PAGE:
Dear readers, this is our last issue of Chongqing Stories in this semester. Although there have been many rainstorms in Chongqing recently, the Slight Heat (note 1) has passed and the temperature is gradually rising. This city is going to turn on the “stove” mode soon. So, what kind of delicacies can Chongqing offer during the hot summer?
There’s a cheap tea occupying an important place in the mind of old Chongqing people ——”Laoyin Tea”. As the nasal sound and lateral sound are always mixed in Chongqing dialect, it was mispronounced as “Laoying (literally means ‘eagle’) Tea”. Laoyin tea’s color is reddish-brown, like black tea, but their tastes are very different, because the tea leaves of Laoyin tea are not from the camellia tree, but from the tree of Litsea coreana Levl, which is an evergreen tree of cinnamomum, widely distributed in the Yangtze River Basin and the areas to the south of the Yangtze River in China. No one knows since when the ancestors found that the leaves boiled soup has the function of engendering liquid and quenching thirst so as to relieving the heat of summer. For this reason, this drink has been handed down from generation to generation.
Leaves of Litsea coreana Levl. var. lanuginosa (Migo) Yang et. P. H. Huang
At first, those who drank Laoyin Tea were mostly poor working people loading/unloading or carrying goods. You can see tea stalls in the shadow on every dock and path along the mountain. It took only a few cents to enjoy enough Laoyin Tea to beat the heat. With the increase of people’s income and the diversity of beverage market, young people who like to drink coke, milk tea and sparkling water have become the main consumers. Now, there are hardly any tea stands selling Laoyin Tea, and only some restaurants still provide this tea for free. However, some old hotpot restaurants not only offer Laoyin tea for guests to drink, but also add tea soup to the pot and boil it with the hotpot ingredients, giving the hotpot a different flavor.
Bingfen and brown sugar water
In addition to Laoyin Tea, two traditional desserts are also popular among Chongqing people: Bingfen (literally “Ice Powder”) and Liangxia (literally “Cold Shrimp”).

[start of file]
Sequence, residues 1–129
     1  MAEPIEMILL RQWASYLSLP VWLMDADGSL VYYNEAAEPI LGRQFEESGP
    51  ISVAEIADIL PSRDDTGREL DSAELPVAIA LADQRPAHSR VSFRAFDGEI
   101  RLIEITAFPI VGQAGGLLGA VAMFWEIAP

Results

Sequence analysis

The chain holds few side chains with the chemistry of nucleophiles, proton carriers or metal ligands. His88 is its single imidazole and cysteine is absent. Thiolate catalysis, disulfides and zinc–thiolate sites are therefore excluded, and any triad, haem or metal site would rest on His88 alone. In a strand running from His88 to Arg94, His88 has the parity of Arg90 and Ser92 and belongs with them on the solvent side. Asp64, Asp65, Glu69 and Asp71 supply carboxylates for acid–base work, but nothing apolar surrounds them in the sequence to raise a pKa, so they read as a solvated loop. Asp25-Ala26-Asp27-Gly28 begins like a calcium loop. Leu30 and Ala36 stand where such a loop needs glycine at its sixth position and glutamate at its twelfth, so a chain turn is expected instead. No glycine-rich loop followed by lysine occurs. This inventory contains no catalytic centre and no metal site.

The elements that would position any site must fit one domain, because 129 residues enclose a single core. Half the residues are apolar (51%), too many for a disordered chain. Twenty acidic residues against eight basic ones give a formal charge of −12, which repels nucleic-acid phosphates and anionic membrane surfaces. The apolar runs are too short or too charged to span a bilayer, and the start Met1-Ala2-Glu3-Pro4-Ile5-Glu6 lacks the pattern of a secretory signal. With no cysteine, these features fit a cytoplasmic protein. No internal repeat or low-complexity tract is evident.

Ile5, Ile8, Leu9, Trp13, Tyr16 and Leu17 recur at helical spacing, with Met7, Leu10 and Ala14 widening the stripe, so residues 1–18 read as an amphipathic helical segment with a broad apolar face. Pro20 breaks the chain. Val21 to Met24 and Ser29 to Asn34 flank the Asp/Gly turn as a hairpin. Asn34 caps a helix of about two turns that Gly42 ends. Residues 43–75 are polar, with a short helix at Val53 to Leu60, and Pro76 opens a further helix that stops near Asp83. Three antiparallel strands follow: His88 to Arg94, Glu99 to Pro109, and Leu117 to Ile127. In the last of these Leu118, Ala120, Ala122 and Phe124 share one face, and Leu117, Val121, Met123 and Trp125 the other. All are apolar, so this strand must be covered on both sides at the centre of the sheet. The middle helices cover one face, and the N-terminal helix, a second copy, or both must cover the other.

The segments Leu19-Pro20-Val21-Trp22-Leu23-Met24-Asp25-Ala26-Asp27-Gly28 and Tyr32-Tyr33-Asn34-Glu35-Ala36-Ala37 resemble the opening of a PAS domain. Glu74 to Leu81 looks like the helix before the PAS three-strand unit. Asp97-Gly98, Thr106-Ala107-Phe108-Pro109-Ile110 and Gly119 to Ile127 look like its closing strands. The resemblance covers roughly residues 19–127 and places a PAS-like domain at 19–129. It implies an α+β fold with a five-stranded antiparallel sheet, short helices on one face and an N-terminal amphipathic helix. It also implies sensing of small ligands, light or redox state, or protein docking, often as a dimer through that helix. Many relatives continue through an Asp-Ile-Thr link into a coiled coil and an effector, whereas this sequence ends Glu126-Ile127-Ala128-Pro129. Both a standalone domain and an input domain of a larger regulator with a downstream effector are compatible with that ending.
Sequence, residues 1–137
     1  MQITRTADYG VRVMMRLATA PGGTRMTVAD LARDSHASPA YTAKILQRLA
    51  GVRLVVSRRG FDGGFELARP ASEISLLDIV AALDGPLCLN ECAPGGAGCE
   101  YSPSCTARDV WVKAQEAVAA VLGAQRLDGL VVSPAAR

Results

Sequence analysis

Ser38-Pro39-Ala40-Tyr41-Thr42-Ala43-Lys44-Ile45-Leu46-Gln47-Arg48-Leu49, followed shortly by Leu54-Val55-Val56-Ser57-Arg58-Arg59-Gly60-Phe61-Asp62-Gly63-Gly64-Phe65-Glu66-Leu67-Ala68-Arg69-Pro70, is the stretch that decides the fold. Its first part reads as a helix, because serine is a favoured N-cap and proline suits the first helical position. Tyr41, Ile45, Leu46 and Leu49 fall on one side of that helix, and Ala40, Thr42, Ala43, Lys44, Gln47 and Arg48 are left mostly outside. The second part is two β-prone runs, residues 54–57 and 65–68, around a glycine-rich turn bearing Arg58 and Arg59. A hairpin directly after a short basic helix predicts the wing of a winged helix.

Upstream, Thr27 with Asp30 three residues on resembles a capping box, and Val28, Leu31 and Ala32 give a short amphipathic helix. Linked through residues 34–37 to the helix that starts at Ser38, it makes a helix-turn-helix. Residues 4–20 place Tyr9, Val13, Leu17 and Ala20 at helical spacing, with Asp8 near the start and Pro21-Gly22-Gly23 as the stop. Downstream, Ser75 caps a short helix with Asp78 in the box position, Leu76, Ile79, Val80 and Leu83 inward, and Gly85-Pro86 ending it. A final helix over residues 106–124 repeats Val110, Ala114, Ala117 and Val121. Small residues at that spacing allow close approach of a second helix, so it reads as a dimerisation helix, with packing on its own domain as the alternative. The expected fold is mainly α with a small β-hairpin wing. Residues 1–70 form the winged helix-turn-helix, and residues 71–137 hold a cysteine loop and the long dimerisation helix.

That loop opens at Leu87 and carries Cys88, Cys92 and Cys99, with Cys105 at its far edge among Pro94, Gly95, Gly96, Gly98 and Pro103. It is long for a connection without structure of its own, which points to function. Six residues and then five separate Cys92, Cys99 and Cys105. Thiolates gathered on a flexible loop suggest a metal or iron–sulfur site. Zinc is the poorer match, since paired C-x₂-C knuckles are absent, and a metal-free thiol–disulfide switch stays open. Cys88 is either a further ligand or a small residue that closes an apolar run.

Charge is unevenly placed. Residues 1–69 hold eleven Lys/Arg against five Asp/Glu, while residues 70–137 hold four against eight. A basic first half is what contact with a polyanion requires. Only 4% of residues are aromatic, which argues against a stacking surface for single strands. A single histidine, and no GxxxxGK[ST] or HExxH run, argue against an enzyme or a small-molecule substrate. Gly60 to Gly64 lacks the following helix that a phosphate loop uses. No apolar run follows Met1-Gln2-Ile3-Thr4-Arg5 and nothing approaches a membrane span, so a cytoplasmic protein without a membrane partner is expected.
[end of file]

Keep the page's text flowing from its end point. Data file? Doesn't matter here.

Bingfen is crystal clear and has a cool and smooth taste. People who do not know it will think it is jelly, but Bingfen does not use edible gelatin, which makes it totally different from jelly. Bingfen is made from seeds of Nicandra Physalodes (Linn.) Gaertn, a vegetable dish native to South America and clarified limewater (calcium hydroxide solution). The method of producing it is also very simple: putting the seed into the gauze bag, then immersing it in clean water and gently rubbing it, finally pouring into lime water and let standing for several hours. Finally it’s eatable after it’s solidified and added with brown sugar water.
Flower of Nicandra physalodes (Linn.) Gaertn
Liangxia (literally “Cold Shrimp”), although there is “shrimp” in the name, its raw material is rice: grind rice to powder, add water and boil it into thick rice. Then use a colander to squeeze the thick rice into cold water at the shape of shrimps, which is why there’s “shimp” in its name. The traditional way of eating Liangxia is the same as Bingfen, mixing with brown sugar water in an appropriate proportion. One bite is enough to cool you down.
Vendors used to carry a pole peddling Bingfen and Liangxia only in the summer. Things are different now: those delicacies are sold in specialized shops all the year round, and many restaurants also add these dessert to their menu for customers, and upgraded them to a variety of flavors with rich ingredients, such as the white sesame, peanut, red jujube, Chinese wolfberry, raisins, hawthorn pieces, fermented glutinous rice, and a variety of fruits and jam.
In recent years, new-style desserts like Lianggao (cake made of glutinous rice served cold in summer), iced Tangyuan (sweet dumplings made of glutinous rice flour) and Shaoxiancao, an herbal jelly, a traditional characteristic sweet of Fujian Min’nan Area and Taiwan Area were introduced to Chongqing, having become the indispensable summer food for Chongqing people together with Bingfen and Liangxia. Dear readers, we wish all of you a great summer time! See you in September!
Many choices of desserts of summer
Note 1: “Slight Heat”: ranks the 11th among the 24 solar terms (节气). Ancient Chinese people divided the annual cycle of the sun into 24 parts, each of which is a “solar term” and has about 15 days. This set of legislation is the cornerstone of China’s agricultural development. Slight Heat refers to the beginning of hot weather, and will gradually extend to Great Heat — the hottest time of the year.
“节气” Solar Term :The Chinese 24 Solar terms, also known as the 24 seasonal division points, in the Chinese lunisolar calendar originated in ancient China and then spread to East Asia and South-East Asia. They are calculated from the position of the Sun on the ecliptic, that divides the year into 24 equal periods. Chinese ancestors observed the energy changes in Nature and established this way of seasonal calculation to guide activities in human life, including agricultural affairs, clothing, diet, housing, transportation, health preservation, moods management, etc.. They played a very important role in people’s basic essential needs in life in China in the past and still function well today.